Hiring an attorney may be beneficial but it isn't a requirement. If you have valid grounds to contest the judgment but can't afford an attorney, you can file a motion with the court on your own. Just make sure that you read up on the legal process and your state's specific rules and procedures. You may also qualify for legal aid, depending on your location and your income.

Oh, one more thing: certain forms of income are exempt from garnishment. If you have exempt income in your bank account, the debt collector may seize it anyway unless you fill out an exemption form from your bank and officially declare the funds exempt. See Funds Exempt from Garnishment for more information on which forms of income are exempt and how to declare your exemptions in order to legally escape your bank levy.

Best of Luck,


  1. Thanks for your precise info. I was not served properly and probably can overturn the judgement but what will be my option then. Also how long the judgement can last for enforcement. I live in New York.
    Thanks again Lee.

    1. I am going to provide you with the URL for a page within the Neighborhood Economic Development Advocacy Project's website. This specific page gives very thorough information regarding overturning a judgment in New York.

      The enforcement period for judgments in New York is 20 years. If the creditor uses the judgment to attach a lien to any real estate you own, the real estate lien expires after only 10 years. If you reach the end of the enforcement period and still have not paid the judgment, the creditor can renew it for an additional 10 years provided it does so before the original judgment expires. After it expires, the creditor loses its ability to do things like garnish wages, attach liens, seize assets and levy bank accounts.

      Please copy and paste the link below into your browser window.

    2. Thanks Lee! I also asked a question about a business account. Can a business account ( corporate account) be levied. How does that work. Thanks

    3. Y, I apologize. This was the only email from you in my inbox. The only change I made was removing your last name to protect your privacy.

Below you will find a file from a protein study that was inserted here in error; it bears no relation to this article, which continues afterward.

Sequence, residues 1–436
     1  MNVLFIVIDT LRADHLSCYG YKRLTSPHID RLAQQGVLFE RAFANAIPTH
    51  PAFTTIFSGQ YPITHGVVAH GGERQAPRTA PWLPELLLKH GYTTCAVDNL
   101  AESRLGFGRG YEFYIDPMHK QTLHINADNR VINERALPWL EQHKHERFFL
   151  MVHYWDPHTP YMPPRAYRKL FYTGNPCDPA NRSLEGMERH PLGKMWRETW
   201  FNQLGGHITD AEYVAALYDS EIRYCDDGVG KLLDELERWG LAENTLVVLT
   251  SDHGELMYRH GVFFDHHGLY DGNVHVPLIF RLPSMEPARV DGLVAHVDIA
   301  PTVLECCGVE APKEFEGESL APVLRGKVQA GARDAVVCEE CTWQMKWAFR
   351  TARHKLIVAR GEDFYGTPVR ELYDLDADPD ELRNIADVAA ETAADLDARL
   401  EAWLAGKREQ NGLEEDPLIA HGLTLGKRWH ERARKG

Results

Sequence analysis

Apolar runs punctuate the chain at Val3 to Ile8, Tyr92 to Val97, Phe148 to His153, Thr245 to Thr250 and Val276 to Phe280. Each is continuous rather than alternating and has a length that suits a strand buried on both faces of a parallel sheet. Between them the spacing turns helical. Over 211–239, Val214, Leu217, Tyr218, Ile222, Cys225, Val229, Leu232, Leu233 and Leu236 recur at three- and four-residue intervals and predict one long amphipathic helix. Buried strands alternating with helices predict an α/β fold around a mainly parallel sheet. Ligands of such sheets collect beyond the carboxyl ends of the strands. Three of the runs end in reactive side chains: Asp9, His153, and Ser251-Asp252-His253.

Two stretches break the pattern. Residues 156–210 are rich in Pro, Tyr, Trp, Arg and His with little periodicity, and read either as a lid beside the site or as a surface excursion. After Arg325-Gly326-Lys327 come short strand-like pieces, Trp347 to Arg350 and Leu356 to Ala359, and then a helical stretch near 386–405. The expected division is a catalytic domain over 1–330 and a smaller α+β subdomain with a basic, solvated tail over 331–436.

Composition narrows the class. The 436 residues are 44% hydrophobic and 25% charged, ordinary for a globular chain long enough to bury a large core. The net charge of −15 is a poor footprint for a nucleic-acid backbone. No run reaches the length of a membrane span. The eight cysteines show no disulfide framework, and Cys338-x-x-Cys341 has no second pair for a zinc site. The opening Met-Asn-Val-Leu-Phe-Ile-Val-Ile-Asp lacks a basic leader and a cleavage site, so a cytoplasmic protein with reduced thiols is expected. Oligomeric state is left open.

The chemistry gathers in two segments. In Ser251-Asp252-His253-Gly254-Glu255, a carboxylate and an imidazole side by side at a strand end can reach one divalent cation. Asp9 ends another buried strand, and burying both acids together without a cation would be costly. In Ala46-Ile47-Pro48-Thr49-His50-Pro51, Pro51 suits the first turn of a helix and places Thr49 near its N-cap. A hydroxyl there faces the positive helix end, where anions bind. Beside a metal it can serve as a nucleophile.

I may or may not be able to answer the question as it applies to the business because that falls under a different branch of the law. Plus, I'd need a lot more information, such as the state you live in, the state the business is located in, how the business is legally classified, whether you own the business or merely have access to a spending account as an employee, whether the business owes a debt or you're referring to a personal debt that you owe separately from the business.

      If you're worried about your corporate spending account with your employer, you're probably safe. Although you have access to the account, it doesn't belong to you. It belongs to the business. If the account in question is a business account for a business you own that is in your name, you may have issues, depending on the factors I listed above.

      I wish I could be of more help with that one.

  2. Thanks Lee!
    I have asked a question about the business corporate account. I have a personal credit card debt and a default judgement as well against two accounts but this for my personal account. If the business be sued? Business is S corp in New York. Business has no debt. My personal finances are separate from it. Can the business account be levied for personal credit card debt.. thanks

    1. To the best of my knowledge, if you used your personal credit to open the business, your Social Security number is attached to the business and any business assets can be considered personal assets. Thus, any judgment against you can result in business assets being seized.

      If you did not use your own credit history as a basis to take out the loan that built the business in the first place, you're probably in the clear. For example, if you built the business using your own savings or a non-credit-based loan from a family member, you may be in the clear.

      But I'm not positive. Like I mentioned before, business credit isn't my field of expertise. I strongly recommend that you meet with an attorney in your area to determine what your business' financial liability would be, if any, should a judgment creditor goes after your assets